In larger hotels it’s common to find an assortment of breakfast classics in covered serving trays. But in smaller hotels, the breakfast selection might be lighter. What’s even more confusing is that continental breakfasts can still be served "buffet style"—but instead of pancakes, bacon, and sausage, you’re likely to find individual-sized yogurt, fruit salad, and bagels or toast. Continental breakfast buffets are popular at business hotels, where the majority of their guests are getting up early to attend morning meetings. Besides being a cheaper option for hotels, and a healthier option for guests, continental breakfast buffets allow guests to grab a quick bite to eat before heading out to start their day.
A lot of the food at hotel breakfast buffets is thrown out
We’ve all visited a buffet hungry and seen the carnage that plays out when our eyes are bigger than our stomachs. One too many spring rolls later and halfway through a slice of pizza, you realize you put too much on your plate.
Food waste is a major dilemma that happens in hotel breakfast buffets, too, where the appearance of all kinds of tourists means the hotel puts a variety of foods on rotation to suit individual needs or requests. Some guests will make themselves a small breakfast plate and eat every last crumb. Some will create a giant heap and take only a few bites and walk away. Others might just have a coffee and a muffin.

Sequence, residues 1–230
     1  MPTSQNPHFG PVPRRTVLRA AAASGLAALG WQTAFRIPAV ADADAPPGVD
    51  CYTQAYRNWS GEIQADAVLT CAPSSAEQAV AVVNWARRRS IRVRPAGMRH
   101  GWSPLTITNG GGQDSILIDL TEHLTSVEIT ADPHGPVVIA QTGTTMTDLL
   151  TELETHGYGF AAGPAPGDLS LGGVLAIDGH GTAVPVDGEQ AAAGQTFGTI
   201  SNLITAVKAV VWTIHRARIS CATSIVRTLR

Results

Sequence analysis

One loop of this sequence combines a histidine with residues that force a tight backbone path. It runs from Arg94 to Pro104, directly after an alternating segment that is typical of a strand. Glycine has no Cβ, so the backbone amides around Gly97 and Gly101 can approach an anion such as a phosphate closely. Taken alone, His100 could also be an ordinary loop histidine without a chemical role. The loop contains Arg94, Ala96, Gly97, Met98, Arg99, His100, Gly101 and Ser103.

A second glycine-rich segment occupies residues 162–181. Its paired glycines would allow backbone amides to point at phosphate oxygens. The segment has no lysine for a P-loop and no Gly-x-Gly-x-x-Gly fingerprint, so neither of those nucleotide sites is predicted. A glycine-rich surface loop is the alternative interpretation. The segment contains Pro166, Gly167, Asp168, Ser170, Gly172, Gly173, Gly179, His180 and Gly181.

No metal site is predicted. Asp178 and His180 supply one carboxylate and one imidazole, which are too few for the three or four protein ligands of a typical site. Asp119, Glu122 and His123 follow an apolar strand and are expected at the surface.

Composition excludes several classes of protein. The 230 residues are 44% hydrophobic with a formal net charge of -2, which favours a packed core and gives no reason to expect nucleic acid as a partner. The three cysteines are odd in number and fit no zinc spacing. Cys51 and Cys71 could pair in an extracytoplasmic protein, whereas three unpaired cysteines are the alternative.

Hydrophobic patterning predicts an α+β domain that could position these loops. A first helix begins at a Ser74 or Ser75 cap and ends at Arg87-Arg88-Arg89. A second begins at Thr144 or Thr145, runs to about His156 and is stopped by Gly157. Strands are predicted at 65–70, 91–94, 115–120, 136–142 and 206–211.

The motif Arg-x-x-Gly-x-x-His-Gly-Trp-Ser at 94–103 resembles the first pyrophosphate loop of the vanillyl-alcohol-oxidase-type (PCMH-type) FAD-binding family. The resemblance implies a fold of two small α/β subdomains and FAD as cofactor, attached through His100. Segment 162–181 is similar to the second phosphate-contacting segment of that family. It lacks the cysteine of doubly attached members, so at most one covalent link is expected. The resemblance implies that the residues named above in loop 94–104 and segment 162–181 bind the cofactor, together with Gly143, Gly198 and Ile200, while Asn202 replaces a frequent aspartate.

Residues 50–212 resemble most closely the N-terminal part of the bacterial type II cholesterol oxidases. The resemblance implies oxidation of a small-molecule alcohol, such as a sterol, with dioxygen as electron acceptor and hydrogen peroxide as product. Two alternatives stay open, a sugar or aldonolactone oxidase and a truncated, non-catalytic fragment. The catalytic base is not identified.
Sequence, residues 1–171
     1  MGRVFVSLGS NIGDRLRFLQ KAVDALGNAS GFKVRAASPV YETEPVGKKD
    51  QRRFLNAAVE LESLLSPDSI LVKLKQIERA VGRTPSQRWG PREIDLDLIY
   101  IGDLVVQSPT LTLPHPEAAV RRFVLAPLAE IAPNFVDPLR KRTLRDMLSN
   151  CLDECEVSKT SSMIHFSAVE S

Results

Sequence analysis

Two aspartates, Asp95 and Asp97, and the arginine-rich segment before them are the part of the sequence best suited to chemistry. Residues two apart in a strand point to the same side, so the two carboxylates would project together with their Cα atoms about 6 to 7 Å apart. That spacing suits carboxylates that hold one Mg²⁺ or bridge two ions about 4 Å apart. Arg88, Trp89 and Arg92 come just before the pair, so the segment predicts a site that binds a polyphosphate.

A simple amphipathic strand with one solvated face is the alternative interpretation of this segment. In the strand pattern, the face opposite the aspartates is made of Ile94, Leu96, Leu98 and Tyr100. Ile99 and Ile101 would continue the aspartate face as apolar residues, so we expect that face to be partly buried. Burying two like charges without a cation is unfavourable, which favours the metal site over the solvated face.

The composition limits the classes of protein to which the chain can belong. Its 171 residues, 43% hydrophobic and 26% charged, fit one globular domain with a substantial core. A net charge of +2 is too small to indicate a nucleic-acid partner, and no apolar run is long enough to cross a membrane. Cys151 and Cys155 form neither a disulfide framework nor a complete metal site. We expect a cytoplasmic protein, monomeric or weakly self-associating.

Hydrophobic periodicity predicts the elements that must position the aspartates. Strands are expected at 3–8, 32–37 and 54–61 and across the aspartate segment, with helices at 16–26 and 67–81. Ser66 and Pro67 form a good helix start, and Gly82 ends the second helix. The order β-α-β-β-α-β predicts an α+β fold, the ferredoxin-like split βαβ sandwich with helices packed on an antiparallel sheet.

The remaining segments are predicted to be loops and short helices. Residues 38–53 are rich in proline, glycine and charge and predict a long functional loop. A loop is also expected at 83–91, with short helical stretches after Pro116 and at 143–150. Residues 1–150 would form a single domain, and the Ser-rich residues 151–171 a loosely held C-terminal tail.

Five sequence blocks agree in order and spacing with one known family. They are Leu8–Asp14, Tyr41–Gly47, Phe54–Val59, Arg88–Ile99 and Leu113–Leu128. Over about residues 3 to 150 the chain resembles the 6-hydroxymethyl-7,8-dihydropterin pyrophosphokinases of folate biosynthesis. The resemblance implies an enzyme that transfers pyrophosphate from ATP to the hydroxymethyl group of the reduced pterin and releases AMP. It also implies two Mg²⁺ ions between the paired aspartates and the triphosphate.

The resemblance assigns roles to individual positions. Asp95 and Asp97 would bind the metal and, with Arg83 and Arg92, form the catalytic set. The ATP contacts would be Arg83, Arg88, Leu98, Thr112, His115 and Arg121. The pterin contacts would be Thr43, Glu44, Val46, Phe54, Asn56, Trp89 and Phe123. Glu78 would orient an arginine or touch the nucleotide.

In the majority of cases, hotels have no way of knowing their guests’ eating habits, and must therefore have an assortment of breakfast foods for their guests, and continue preparing it and keeping it hot, even if nobody is eating it. Plus, when you’re not actually paying for your breakfast, you’re less likely to feel bad about wasting it once it goes in the garbage.
You have to wake up early if you want to get the good stuff at a hotel breakfast buffet
The best part about vacation is ditching your routine and finally sleeping in. But, if you booked a room at a hotel with a free breakfast buffet, you’ll actually have to decide if that waffle station is worth sacrificing beauty sleep over, because breakfast buffets close a lot earlier than you’d think.
A lot of hotels start serving breakfast from as early as 6 a.m. and they typically end by 10 a.m. at the latest. If you’re staying at an all-inclusive resort, this might sound crazy, but for boutique hotels, it makes a lot of sense. Most travelers are early risers who are eager to make the most of their time in a new city. Hotels usually recognize that their guests don’t want to wait around all morning to grab a bite to eat, so breakfast starts early for those who want it.